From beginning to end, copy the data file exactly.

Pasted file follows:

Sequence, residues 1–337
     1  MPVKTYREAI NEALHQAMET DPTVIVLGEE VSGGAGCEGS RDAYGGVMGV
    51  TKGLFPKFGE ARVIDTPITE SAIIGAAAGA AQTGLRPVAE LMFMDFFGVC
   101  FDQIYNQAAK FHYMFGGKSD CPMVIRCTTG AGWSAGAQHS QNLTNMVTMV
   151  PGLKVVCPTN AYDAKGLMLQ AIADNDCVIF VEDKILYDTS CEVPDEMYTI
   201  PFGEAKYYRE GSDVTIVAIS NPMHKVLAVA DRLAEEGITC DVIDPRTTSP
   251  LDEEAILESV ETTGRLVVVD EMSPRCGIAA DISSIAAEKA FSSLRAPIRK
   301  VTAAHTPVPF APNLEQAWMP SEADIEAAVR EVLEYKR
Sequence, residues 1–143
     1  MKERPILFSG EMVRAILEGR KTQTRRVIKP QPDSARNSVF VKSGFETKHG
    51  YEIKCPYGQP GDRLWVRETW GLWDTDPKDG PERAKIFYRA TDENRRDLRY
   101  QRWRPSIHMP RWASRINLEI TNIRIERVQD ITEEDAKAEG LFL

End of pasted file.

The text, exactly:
Sequence, residues 1–337
     1  MPVKTYREAI NEALHQAMET DPTVIVLGEE VSGGAGCEGS RDAYGGVMGV
    51  TKGLFPKFGE ARVIDTPITE SAIIGAAAGA AQTGLRPVAE LMFMDFFGVC
   101  FDQIYNQAAK FHYMFGGKSD CPMVIRCTTG AGWSAGAQHS QNLTNMVTMV
   151  PGLKVVCPTN AYDAKGLMLQ AIADNDCVIF VEDKILYDTS CEVPDEMYTI
   201  PFGEAKYYRE GSDVTIVAIS NPMHKVLAVA DRLAEEGITC DVIDPRTTSP
   251  LDEEAILESV ETTGRLVVVD EMSPRCGIAA DISSIAAEKA FSSLRAPIRK
   301  VTAAHTPVPF APNLEQAWMP SEADIEAAVR EVLEYKR
Sequence, residues 1–143
     1  MKERPILFSG EMVRAILEGR KTQTRRVIKP QPDSARNSVF VKSGFETKHG
    51  YEIKCPYGQP GDRLWVRETW GLWDTDPKDG PERAKIFYRA TDENRRDLRY
   101  QRWRPSIHMP RWASRINLEI TNIRIERVQD ITEEDAKAEG LFL